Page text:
Special Session Summary Views From ACRoss the Bridge: Industry Perspectives on Brand Equity Management

Akshay R. Rao, University of Minnesota
[ to cite ]:
Akshay R. Rao (1996) ,"Special Session Summary Views From ACRoss the Bridge: Industry Perspectives on Brand Equity Management", in NA - Advances in Consumer Research Volume 23, eds. Kim P. Corfman and John G. Lynch Jr., Provo, UT : Association for Consumer Research, Pages: 12.

Advances in Consumer Research Volume 23, 1996      Page 12

SPECIAL SESSION SUMMARY

VIEWS FROM ACROSS THE BRIDGE: INDUSTRY PERSPECTIVES ON BRAND EQUITY MANAGEMENT

Akshay R. Rao, University of Minnesota

The term brand equity has come to be associated with some positive element of a brand name. In this session, a variety of brand equity management issues that practitioners face were highlighted. Four premier Minneapolis/St. Paul based Fortune 100 firms were represented in this set of presentations. The four presentations are summarized next.

1. "A Rose By Another Name: The Transformation of IDS into American Express Financial Advisors".

Mr. Peter Lefferts, American Express Financial Advisors spoke first. In his comments, he described how American Express Financial Advisors Inc. (formerly "IDS Financial Services") undertook a significant corporate transformation. This very successful company changed its name just as it completed its 100th year as IDS. Despite the fact that current customers were uncomfortable with the American Express name, a significant proportion of prospective customers felt that the American Express name added credibility, and thus the decision was made to change the name. Mr. Lefferts indicated that, based on the available evidence, the name change had been a successful strategic move.

2. "Is it a bird, is it a plane...? Measurement Issues in Brand Equity Research."

Ms. Vivian Milroy, General Mills focussed her talk on measurement issues. She noted that the only thing clear about brand equity is that the meaning of the term is not at all clear. Instead of accepting this complexity, definitions and measurements have been oversimplified. Tests of new product ideas have focuses on breadth of appeal instead of differentiated imagery associated with the new product. When testing offerings against the competition, reliance has been placed on blind comparisons, ignoring the impact of imagery on consumer preference. When analyzing the impact of market spending, the focus has been on short term volume gains rather than the long term impact on the health of the brand. Even when tracking attitude change, there has been a failure to recognize changes in the consumer's definitions of attributes such as "convenience", thus ignoring the possibility that changes in preference occur even though brand image has stayed constant. Ms. Milroy suggested that measurement should focus as much, if not more, on what the brand could be, rather than what it currently is.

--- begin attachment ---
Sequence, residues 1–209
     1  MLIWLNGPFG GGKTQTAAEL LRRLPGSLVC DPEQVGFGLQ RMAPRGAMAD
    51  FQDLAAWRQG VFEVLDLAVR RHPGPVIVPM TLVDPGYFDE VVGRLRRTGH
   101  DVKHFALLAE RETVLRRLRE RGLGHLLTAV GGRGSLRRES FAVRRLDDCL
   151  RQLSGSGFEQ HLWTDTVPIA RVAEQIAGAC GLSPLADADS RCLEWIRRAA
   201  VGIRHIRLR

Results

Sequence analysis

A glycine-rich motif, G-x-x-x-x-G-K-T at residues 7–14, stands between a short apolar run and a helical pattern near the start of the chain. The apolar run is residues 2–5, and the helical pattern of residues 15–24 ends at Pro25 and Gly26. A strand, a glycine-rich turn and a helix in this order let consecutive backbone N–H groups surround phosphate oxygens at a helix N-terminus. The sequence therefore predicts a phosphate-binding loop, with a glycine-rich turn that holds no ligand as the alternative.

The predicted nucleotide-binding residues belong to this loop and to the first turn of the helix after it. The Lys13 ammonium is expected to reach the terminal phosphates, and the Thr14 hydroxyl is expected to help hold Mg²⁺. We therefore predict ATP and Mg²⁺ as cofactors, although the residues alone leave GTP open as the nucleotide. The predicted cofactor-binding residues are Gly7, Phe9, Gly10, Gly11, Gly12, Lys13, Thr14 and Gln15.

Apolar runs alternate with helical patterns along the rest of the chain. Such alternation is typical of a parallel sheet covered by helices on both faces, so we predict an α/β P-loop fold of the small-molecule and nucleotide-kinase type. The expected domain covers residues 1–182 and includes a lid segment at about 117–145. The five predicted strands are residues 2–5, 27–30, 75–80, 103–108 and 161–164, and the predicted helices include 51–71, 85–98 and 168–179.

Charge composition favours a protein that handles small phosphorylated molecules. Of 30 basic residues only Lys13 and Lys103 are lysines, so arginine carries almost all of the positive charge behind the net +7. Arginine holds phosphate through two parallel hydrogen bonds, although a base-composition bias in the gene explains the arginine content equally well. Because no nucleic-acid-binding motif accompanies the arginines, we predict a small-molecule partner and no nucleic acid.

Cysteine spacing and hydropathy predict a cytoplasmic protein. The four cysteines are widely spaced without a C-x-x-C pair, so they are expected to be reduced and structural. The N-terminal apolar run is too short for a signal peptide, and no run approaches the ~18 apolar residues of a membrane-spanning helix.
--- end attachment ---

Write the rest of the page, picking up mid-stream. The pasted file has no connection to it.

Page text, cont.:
3. "What's In a Nom: Managing Global Brand Families at 3M."

Mr. Douglas Rowen, 3M was the third speaker and addressed issues and challenges related to managing a global family of brands which span 60,000 products in over 150 countries. 3M's brand family covers more than 20 major industries from consumer products to electronics and health care products. With more than 50% of sales coming from outside the United States, maximizing the benefit of a global brand family is an increasingly complex task. Issues range from adjusting for local differences, global measurement and communication vehicles, and trademark selection.

4. "Dough in the doughboy: Leveraging Equity in Visual Symbols at Pillsbury-Grand Metropolitan"

Mr. Steve Zuber, Pillsbury-Grand Metropolitan was the final speaker and emphasized that the core of Grand Metropolitan's food business is the Pillsbury company, comprising four major American brands: Pillsbury, Green Giant, Haagen Dazs and Burger King. All these brands have substantial volume and profitability, and the attempt has been to build them into global "megabrands". In the case of Pillsbury, the most enduring symbol of the brand is the doughboy, followed by the Green Giant and the Little Sprout. His presentation focussed on how Pillsbury has attempted to use evidence that these are more than animated characters, but in fact are useful vehicles for establishing Pillsbury brands with new consumers worldwide.

Finally, Deborah Roedder John summarized the comments of the speakers, identified emergent themes, and lead a discussion that included several interesting and provocative questions from the audience.

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